Before launching the Small Business Relief Initiative, we had been seeing some local businesses create campaigns on GoFundMe. But we knew that there were many businesses that maybe didn't know that GoFundMe was an option to help them, or were so busy that they couldn't create a campaign themselves. And we had a lot of folks asking us, how can we help our local businesses? Can you help us help them?
The idea, which really we had only about eight or nine days ago, was how can we create a larger-scale program for small businesses? So, that's how the idea came about.
The goal is to get these campaigns created, get them exposed to as many people as we can, and start to enable local communities to help the businesses they love.
We've also set up the Small Business Relief Fund with our partners Yelp and Intuit QuickBooks. This fund already has $1.5 million in it. We hope to add a lot more with other corporate sponsors soon. That fund will provide matching microgrants to small businesses in the program. If they raise $500, we'll match that up to $500 until the fund is extinguished, essentially.
Tell me about the Frontline Responders Fund, the $10 million fundraising project that launched the same day as the Small Business Initiative.
This fund is a collaboration, launched by an amazing company called Flexport. Flexport is a transportation and logistics company that has put together a chain of logistics components to help with getting and transporting medical supplies to the hospitals and facilities that need them. It already has all sorts of team members like Ron Conway, Edward Norton and Arnold Schwarzenegger to promote the campaign and has also received very, very, very generous contributions from many of them. It's certainly tracking to be a very big fundraiser. It's a great example of the scale of help that the platform can generate.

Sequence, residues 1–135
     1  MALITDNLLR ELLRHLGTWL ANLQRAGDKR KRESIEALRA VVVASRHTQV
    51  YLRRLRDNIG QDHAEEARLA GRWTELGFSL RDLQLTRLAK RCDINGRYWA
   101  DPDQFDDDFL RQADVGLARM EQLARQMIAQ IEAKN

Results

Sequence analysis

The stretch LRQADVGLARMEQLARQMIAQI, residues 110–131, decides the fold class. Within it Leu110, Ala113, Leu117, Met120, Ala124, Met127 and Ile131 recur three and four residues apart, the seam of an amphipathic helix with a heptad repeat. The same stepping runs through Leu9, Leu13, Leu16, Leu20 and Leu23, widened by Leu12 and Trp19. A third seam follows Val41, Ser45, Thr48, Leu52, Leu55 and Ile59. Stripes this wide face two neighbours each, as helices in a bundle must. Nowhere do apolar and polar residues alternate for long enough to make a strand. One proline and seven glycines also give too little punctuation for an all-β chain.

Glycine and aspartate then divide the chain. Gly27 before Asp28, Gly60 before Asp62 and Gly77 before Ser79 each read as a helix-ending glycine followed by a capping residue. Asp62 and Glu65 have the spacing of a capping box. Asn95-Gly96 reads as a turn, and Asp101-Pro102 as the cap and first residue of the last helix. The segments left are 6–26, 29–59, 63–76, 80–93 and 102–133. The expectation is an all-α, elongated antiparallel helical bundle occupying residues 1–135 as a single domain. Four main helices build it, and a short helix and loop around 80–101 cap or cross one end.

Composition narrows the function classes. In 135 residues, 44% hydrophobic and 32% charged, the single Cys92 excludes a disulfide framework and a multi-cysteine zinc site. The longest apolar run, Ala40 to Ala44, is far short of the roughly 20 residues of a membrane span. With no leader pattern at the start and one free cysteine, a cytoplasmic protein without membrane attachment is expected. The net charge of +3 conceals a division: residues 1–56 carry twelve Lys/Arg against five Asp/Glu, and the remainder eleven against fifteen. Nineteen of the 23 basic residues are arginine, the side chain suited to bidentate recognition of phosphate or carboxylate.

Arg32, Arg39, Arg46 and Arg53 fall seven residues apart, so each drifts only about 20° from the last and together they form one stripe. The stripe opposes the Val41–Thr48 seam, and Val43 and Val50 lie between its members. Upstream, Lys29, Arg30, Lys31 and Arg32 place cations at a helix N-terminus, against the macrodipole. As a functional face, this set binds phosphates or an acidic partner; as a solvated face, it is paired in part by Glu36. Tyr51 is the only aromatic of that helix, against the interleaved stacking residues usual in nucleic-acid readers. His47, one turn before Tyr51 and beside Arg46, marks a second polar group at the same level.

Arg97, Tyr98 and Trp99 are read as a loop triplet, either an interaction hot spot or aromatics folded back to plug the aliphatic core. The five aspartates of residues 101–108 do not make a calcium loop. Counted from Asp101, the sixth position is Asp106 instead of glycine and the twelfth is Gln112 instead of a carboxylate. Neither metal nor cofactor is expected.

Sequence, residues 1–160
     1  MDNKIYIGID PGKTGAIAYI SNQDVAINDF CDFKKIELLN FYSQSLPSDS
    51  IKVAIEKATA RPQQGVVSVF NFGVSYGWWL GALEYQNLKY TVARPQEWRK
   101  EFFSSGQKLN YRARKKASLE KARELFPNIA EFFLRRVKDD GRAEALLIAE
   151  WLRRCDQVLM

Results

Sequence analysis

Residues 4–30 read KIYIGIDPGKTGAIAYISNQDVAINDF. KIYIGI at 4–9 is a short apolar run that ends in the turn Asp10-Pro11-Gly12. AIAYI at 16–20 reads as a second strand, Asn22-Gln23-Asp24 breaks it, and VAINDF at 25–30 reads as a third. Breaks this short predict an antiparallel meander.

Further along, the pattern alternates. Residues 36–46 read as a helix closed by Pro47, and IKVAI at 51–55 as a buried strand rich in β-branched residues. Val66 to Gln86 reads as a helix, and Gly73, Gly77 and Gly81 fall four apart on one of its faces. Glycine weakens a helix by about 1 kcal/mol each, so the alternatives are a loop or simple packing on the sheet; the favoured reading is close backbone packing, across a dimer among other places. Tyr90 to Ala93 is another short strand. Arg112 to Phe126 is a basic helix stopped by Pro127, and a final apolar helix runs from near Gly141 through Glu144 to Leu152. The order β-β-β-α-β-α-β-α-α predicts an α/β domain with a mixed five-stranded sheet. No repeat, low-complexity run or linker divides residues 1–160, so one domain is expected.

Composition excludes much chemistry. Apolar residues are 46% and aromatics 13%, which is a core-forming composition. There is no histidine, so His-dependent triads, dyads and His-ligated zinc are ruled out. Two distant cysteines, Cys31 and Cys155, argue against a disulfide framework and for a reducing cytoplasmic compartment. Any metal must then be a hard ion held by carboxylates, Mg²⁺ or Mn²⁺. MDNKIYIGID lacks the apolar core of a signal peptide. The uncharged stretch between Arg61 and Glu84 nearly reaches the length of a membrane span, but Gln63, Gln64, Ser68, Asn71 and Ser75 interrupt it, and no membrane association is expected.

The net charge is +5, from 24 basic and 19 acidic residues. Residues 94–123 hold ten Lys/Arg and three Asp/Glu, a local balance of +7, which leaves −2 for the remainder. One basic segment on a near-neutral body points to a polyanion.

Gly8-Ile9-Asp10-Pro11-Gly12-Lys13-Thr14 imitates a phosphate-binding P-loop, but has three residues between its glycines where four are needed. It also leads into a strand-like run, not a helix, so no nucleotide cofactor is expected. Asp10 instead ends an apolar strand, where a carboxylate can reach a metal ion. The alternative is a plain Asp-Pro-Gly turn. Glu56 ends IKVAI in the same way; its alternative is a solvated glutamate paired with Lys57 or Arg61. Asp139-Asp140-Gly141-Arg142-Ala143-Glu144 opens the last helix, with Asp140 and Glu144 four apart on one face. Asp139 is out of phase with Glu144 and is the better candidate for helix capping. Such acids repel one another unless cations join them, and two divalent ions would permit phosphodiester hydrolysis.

What is GoFundMe doing now that's different from before?
We haven't ever autocreated campaigns for folks. It's a function of the unique circumstances we're in. We thought it made sense to try and be proactive here, given the scale of the problem. Our focus is very simple. It's like: What can we do quickly that can help provide a conduit for others to help? And then let's move heaven and earth.
Because they're autogenerated, one of the dimensions of promoting the initiative is making sure that businesses are aware that these campaigns have been created. That way, they can claim themselves as the beneficiary and modify the title and description if they want to. But also, if businesses want to opt out — we totally understand some people might not want this. They can opt out and close their campaign. In that case, if there have been any donations, those donations, depending on the donors' wishes, would either be refunded or moved into the general relief fund. It's uncharted territory.
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Is this a signal that the purpose of GoFundMe is changing?
Overall, I would say no. The vast majority of campaigns being created are still by people and organizations. So that hasn't changed. We're always looking for how to make it easier for people to both get help and to help others. In a time like this, if there are extraordinary things that we can do and that we can create, we are doing those. The fundamental tenor of GoFundMe is the same.
If people start relying on GoFundMe to fulfill their needs, how big can that get? Can that last forever?
We think about it as: How can we do as much as possible? How deep and broad is the well of generosity? It's very deep and broad. There is an enormous number of people that want to help, and they want to help in specific ways. We have a unique ability to help people harness that desire to be generous. But to answer your question, what is the maximum potential of GoFundMe? I don't know. We are by no means the only solution. We all hope that there's going to be some more government aid. But we have a role and, you know, it's sort of our duty to do everything we possibly can to use our platform.